What to Do for Sore Feet After a Six-Mile Walk

Woman walking cross country and trail in spring forest
Taking care of your feet after a long walk requires rest. (Image: Rafal Olkis/iStock/Getty Images)

Developing sore feet after a long walk is not uncommon. Your feet take a lot of punishment throughout the day, especially if you are active and walk for long distances. It is important that you wear proper walking shoes and keep your feet as comfortable as possible during physical activity. If and when you do develop soreness in your feet, you should take proper care of them to avoid any long-term ailments.


A long walk can cause your feet to become sore, especially if you are new to physical activity. Don't get discouraged, though. Some soreness is normal after being on your feet for long durations. Your muscles, ligaments and joints must first become accustomed to regular physical activity to reduce and eventually eliminate the intensity of soreness that follows a long walk. Soreness can develop from a few hours up to several days after your walk. In most cases, basic self-care treatments can help relieve the soreness.


Keeping weight off your feet after a long walk should be a top priority. It stands to reason that soreness will subside more quickly when your feet don't have to support your full body weight. If your typical day requires you to stand on your feet for considerable durations, try to schedule your long walks at times that allow you to rest your feet for at least 24 hours afterward. Limit any standing, long walking or climbing stairs when recovering from a long walk. If possible, you should also avoid wearing shoes during your resting period. This frees the feet from any pressure that shoes can add.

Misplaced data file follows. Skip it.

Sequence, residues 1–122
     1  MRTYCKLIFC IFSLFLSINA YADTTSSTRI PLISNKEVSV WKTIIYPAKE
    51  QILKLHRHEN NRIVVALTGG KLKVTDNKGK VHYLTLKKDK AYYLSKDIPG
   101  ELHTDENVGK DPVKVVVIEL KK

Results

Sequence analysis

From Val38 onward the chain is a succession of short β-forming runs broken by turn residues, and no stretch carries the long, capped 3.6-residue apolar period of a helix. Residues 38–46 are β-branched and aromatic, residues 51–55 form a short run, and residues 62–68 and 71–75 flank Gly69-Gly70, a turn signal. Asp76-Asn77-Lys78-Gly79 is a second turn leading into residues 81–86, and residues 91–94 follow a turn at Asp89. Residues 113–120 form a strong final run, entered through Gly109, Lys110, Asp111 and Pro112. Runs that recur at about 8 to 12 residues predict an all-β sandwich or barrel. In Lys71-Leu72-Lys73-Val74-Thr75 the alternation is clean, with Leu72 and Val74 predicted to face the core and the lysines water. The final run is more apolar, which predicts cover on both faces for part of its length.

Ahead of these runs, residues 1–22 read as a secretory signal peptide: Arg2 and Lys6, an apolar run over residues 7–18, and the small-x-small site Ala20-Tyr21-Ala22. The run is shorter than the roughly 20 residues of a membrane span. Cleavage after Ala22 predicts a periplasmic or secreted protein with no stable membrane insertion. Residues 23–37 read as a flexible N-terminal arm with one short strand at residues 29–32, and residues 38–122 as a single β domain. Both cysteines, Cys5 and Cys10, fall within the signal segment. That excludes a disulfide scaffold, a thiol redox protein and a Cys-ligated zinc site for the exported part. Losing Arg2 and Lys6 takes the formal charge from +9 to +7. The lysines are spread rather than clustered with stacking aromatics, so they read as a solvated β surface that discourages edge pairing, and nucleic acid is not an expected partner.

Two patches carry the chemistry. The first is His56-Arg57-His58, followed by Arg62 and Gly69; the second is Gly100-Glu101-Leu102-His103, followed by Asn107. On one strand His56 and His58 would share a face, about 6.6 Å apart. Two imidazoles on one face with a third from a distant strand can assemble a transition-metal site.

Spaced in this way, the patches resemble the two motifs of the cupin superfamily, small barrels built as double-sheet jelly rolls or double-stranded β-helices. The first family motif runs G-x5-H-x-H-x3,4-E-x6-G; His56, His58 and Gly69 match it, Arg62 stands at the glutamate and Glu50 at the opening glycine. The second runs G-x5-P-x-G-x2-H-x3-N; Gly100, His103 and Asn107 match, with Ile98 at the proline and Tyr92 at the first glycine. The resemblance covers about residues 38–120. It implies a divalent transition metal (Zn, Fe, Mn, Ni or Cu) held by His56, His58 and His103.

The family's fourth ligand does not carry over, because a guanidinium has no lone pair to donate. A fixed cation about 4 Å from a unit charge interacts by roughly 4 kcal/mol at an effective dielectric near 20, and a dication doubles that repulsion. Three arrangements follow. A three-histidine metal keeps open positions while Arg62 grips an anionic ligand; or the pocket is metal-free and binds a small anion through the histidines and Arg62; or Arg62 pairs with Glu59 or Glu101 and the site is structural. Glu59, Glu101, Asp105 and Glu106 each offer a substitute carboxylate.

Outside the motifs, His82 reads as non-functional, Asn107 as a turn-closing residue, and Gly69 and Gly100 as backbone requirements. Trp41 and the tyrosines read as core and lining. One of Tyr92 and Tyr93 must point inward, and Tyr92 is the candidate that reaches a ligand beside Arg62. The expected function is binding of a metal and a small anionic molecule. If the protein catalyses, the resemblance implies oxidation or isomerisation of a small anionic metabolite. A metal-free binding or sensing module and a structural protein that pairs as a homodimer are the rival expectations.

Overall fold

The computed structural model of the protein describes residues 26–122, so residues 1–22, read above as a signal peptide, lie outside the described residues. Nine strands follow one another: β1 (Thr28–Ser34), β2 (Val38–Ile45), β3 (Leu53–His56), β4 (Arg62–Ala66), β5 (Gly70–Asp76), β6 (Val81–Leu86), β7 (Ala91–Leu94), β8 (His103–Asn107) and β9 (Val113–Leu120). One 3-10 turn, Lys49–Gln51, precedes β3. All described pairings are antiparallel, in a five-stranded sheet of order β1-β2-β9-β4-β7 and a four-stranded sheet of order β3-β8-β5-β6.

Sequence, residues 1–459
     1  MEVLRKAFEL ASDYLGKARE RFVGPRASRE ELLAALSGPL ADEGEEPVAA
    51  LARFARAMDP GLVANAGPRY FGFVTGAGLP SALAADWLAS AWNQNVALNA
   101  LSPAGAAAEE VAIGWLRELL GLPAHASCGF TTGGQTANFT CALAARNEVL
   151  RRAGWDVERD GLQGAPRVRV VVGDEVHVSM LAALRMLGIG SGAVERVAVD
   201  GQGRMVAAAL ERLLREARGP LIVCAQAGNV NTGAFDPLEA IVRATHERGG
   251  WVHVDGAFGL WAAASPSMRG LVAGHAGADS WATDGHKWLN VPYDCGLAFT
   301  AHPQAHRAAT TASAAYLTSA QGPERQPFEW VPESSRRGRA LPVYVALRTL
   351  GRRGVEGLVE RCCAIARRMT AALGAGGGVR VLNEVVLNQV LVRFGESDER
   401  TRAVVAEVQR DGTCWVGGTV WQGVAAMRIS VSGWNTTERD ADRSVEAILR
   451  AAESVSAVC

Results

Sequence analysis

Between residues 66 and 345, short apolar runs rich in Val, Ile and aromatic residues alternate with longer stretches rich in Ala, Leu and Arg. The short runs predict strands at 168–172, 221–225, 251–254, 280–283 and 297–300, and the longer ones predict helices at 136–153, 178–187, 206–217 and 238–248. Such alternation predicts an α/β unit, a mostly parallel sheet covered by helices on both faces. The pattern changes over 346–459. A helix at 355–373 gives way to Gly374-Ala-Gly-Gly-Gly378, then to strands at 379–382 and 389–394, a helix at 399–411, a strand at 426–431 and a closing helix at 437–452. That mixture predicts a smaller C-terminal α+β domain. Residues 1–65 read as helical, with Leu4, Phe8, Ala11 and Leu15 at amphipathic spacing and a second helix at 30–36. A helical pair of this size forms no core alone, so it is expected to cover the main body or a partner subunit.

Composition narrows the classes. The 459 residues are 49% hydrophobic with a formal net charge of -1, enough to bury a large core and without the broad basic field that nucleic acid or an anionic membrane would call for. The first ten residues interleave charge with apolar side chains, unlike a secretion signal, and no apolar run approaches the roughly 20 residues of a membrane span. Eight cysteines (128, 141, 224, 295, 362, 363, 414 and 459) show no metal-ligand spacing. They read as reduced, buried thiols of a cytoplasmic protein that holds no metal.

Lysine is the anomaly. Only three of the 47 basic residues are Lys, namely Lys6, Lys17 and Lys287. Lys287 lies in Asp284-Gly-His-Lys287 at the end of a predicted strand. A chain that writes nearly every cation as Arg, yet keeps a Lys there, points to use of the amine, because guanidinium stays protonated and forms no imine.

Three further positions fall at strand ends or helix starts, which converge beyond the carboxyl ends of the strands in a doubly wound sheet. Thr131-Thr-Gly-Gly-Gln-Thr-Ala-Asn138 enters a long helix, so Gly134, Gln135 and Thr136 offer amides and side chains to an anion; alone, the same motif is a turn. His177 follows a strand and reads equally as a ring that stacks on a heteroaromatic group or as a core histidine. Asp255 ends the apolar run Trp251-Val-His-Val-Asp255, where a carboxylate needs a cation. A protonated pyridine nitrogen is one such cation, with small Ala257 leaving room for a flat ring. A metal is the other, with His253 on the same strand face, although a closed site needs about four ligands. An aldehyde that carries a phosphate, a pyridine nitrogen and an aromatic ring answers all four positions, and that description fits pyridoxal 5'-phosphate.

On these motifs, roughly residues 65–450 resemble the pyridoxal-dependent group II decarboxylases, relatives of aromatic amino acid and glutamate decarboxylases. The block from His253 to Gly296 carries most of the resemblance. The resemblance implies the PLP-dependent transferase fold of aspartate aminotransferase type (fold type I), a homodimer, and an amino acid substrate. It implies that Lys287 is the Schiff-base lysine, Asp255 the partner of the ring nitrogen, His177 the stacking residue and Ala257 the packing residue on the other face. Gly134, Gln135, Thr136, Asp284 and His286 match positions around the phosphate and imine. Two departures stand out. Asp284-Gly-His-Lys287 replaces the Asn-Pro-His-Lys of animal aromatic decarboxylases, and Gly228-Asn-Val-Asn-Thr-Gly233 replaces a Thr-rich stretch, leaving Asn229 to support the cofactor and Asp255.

Ice and Heat

Long walks can sometimes cause your feet to swell, in addition to becoming sore. If the swelling is painful, place an ice pack from the freezer on the affected area of your foot for 15 to 20 minutes, three times a day. Some prefer to use heat instead to help relieve soreness. Soak your feet in hot water for 20 minutes after your long walk. Foot baths can be enhanced with various oils designed to stimulate blood circulation and to relieve soreness. Light massage may also help relieve soreness, as long as the massage is not painful.


Soreness is partially the result of consistent pressure pushing down onto your feet from walking, especially on the heel. The pressure can often cause a pounding feeling in your feet that is exacerbated if you wear tight shoes. To help relieve this pressure, you should elevate your feet several times a day for at least 15 minutes. Elevating the feet and keeping them at an angle at which the feet are higher than your pelvis allows for the blood to flow freely through your feet and legs, which eases the built-up pressure.

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